“It tells us that the ocean is becoming an electoral issue, a realm where elected officials and states(wo)men increasingly see themselves evaluated by both their electors and their peers within the international community.”
“Many political and national leaders have built legacies on ocean action, from Prince Albert II of Monaco to President Kenyatta of Kenya, and conferences like the UN Ocean Conference in Lisbon are the place to showcase all of this. It also, both directly and indirectly, encourages other actors to take up that mantle.”
Lindoso also highlights the other key benefit of these conferences – bringing ocean actors and constituents together. “It leads to a lot of productive dialogue and tends to spark co-design of innovative solutions.”
A message in a bottle for marine conservation
Behind every country, institution, or business, there are people. Part of Lindoso’s role is to ensure individuals get the right message from conferences like the Ocean Decade. “Our collaboration with MOO, whether through the Ocean Decade ‘exhibition in a box’, the Notebooks, or the Water Bottles are the direct results of the understanding that communications must, at its most fundamental level, focus on individuals.
“A call-to-action to learn more about the Decade brought to you as a gift has infinitely more power than any number of mailings, social media posts, or public presentations. Communication must be about caring and catering. Caring for us as individuals with specific worries and aspirations. Catering to those very unique aspirations, offering guidance and a path to achieve the change we wish to make for our communities, families, and the extended society and planet.”
Lindoso believes in the power of positive communication to empower an audience. “Positive communications need to help make people the heroes of the story, making them feel special, gifted and motivated to collectively avert planetary disaster and successfully build a nature-positive society.
“UNESCO has been trying to do precisely that through various campaigns, including the Green Citizens and GenOcean campaign”. For Lindoso, the quantity and variety of information and messaging out there means it’s essential for NGOs to focus on very specific actions, informed by the best science available. GenOcean, for instance, is a campaign promoting simple yet science-informed actions that any citizen can take to become an ocean champion in their own right.
The depths of science
The IOC works towards a better scientific understanding of the ocean. A lot of the data they collect is worrying – when not downright terrifying. “Climate and ocean science findings have for the last few years been increasingly despairing: the concentration of low-oxygen ‘dead zones’ has quadrupled since the 1950s, the ocean is increasingly warm and acidic, generating massive biodiversity loss; climate change and sea level rise are hurting communities all over the globe, and even generating more volatile seismic activity that leads to tsunami events happening more frequently.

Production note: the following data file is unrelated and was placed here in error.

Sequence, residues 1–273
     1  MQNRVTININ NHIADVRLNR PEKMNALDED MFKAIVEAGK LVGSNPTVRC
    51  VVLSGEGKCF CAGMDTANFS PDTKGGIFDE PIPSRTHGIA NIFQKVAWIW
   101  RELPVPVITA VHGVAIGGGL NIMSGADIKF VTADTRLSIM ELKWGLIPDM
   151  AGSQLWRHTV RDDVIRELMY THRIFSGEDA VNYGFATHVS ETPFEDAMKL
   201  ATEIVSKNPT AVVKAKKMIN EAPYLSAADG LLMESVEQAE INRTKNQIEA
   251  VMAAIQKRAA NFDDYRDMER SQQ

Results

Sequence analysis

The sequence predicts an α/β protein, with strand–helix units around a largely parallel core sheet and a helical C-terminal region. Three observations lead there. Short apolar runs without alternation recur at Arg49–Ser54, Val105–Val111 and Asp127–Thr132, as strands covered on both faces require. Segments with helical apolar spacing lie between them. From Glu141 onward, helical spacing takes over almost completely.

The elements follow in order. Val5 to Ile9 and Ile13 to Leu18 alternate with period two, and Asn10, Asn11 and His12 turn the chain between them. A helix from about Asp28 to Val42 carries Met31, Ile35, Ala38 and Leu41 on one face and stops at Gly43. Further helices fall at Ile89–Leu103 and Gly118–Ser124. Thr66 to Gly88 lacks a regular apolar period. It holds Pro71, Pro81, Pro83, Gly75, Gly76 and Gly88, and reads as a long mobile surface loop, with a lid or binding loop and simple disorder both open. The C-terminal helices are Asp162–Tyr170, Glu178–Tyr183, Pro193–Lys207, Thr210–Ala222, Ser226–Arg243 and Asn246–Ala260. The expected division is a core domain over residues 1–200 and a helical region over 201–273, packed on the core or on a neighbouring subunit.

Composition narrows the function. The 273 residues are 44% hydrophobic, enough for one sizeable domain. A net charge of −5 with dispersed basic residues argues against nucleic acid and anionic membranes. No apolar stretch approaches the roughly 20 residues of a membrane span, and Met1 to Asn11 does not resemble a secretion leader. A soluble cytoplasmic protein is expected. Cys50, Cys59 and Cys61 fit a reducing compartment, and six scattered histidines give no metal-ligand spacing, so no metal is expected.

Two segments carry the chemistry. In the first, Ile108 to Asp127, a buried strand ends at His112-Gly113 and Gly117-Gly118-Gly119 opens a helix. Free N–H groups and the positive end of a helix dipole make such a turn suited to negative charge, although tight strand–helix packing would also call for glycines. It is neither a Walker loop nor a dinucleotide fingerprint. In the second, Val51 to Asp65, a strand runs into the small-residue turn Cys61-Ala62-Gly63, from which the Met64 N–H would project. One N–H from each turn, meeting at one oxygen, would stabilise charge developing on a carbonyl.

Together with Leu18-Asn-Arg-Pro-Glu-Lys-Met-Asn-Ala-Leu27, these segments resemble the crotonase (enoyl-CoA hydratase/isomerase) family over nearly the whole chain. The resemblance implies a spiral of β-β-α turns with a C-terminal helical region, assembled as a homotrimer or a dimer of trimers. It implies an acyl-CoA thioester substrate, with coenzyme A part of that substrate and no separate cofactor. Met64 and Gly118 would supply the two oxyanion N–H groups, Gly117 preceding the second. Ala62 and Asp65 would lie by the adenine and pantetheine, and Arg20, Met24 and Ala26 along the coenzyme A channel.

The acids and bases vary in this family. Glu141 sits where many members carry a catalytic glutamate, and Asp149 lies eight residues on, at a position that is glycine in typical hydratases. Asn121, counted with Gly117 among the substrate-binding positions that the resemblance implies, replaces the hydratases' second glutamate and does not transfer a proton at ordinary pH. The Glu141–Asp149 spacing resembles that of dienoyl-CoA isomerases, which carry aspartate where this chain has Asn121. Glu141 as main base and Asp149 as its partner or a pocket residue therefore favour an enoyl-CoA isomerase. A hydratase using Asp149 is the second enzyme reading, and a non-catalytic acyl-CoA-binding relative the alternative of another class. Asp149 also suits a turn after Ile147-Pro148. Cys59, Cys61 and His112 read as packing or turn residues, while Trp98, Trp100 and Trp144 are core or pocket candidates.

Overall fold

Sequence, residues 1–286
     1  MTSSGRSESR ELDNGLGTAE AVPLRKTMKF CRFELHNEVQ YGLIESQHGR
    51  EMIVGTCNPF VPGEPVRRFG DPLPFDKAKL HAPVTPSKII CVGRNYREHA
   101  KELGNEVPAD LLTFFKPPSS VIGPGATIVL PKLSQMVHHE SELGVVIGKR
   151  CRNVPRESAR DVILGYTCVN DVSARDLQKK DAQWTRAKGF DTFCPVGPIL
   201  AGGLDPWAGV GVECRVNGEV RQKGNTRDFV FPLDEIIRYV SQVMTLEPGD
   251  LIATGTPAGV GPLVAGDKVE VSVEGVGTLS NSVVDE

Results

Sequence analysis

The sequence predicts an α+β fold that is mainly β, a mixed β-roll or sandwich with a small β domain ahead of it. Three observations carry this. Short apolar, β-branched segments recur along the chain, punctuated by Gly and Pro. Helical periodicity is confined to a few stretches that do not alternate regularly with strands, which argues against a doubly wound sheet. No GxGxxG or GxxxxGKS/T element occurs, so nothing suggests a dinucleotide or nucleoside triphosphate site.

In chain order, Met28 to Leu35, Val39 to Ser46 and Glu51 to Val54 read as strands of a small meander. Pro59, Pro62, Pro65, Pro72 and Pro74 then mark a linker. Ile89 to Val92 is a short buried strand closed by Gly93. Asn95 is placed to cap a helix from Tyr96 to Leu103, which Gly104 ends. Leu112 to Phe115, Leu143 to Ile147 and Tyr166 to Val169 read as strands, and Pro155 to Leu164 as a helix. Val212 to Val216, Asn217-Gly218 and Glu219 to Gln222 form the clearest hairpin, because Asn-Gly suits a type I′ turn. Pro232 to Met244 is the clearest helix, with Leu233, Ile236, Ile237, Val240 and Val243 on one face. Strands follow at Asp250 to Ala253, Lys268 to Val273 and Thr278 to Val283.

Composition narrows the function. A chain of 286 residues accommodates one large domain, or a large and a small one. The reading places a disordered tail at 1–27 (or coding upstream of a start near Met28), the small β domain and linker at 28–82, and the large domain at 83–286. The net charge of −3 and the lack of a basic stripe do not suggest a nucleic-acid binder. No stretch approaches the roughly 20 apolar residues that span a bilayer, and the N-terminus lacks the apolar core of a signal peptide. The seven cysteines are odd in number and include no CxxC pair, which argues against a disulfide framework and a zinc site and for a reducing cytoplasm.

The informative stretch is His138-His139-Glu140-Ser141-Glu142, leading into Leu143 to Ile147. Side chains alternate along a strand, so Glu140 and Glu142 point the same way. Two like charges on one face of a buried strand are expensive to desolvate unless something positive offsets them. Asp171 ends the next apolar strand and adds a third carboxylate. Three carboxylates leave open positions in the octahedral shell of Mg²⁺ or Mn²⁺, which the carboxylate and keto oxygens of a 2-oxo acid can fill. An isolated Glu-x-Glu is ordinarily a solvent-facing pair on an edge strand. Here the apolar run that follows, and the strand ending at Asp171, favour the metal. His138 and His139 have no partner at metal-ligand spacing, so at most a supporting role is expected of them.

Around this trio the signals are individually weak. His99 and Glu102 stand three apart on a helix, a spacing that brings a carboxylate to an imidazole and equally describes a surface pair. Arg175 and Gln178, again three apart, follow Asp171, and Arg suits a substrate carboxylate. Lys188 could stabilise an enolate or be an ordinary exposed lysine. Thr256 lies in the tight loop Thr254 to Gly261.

“That said, there is a lot of hope. A major exciting project I worked to promote earlier this year involved mapping and documenting a little-known-turned-major piece of coral ecosystem near Tahiti. Beyond the amazing imagery collected by our partner, photographer Alexis Rosenfeld – who led the diving with scientists from France’s National Center for Scientific Research (CNRS), it turns out that the two-mile-long coral remains in pristine conditions.
“That’s despite all expectations and the fact that more than 50% of corals have died off, while much more is threatened by changing ocean conditions in the next 80 years. The ‘rose coral’ as we called it is, at least for me, a symbol of nature’s potential for protecting and recovering itself – if only we can give it a chance.”
Committing to science doesn’t come without its challenges. “The major challenge for us is to avoid the “marketing rush” of communicating only for the sake of being visible. Every day, someone gets in the spotlight, whether on the mainstream or social media, with a key figure or a disruptive idea or statement about the ocean.
“As UNESCO, we cannot afford to communicate anything less than the best knowledge available, duly verified by the world’s collective scientific community… Even if it means not landing the most successful marketing calls to action. But the media is also open for the veritable scientific “coups”, like the rose coral off Tahiti, which was covered by all international, national and local press, everywhere. Diligent science pays off.”
MOO’s drop in the ocean
The IOC collaborated with MOO to deliver its message in a powerful way. “I grew up ordering MOO’s beautiful Business Cards for my family and myself. MOO’s deep reach among motivated, artistic, action-oriented communities of individuals and organisations is a perfect fit for a collaboration with UNESCO, communicating the importance of action to conserve and sustainably use the ocean for the benefit of society and the planet alike.”
MOO supported UNESCO and The Ocean Agency on a series of initiatives to promote marine conservation. “Our initial actions included transforming the Ocean Decade Creative Exhibition into an ‘exhibition in a box’ format for distribution to schools and educational institutions around the world. Then, we designed sustainable goodies bearing the UNESCO and Ocean Decade brands and, most important, messaging for wide distribution in Ocean Decade events as well as official meetings.”
“[We] need to integrate an artistic, inspiring element to ocean science and ocean action”
The partnership was a win for UNESCO – and the ocean. “We’ve already established a very productive and friendly relationship between MOO and UNESCO, but as we understand further each other’s strengths and needs, there’s only room for the collaboration to grow and escalate to focus increasingly on substantive messaging around the need to integrate an artistic, inspiring element to ocean science and ocean action.”
He concludes: “unlike the prognosis for the state of the ocean, the prognosis for the joint work between UNESCO and MOO to bolster ocean awareness couldn’t be more positive.”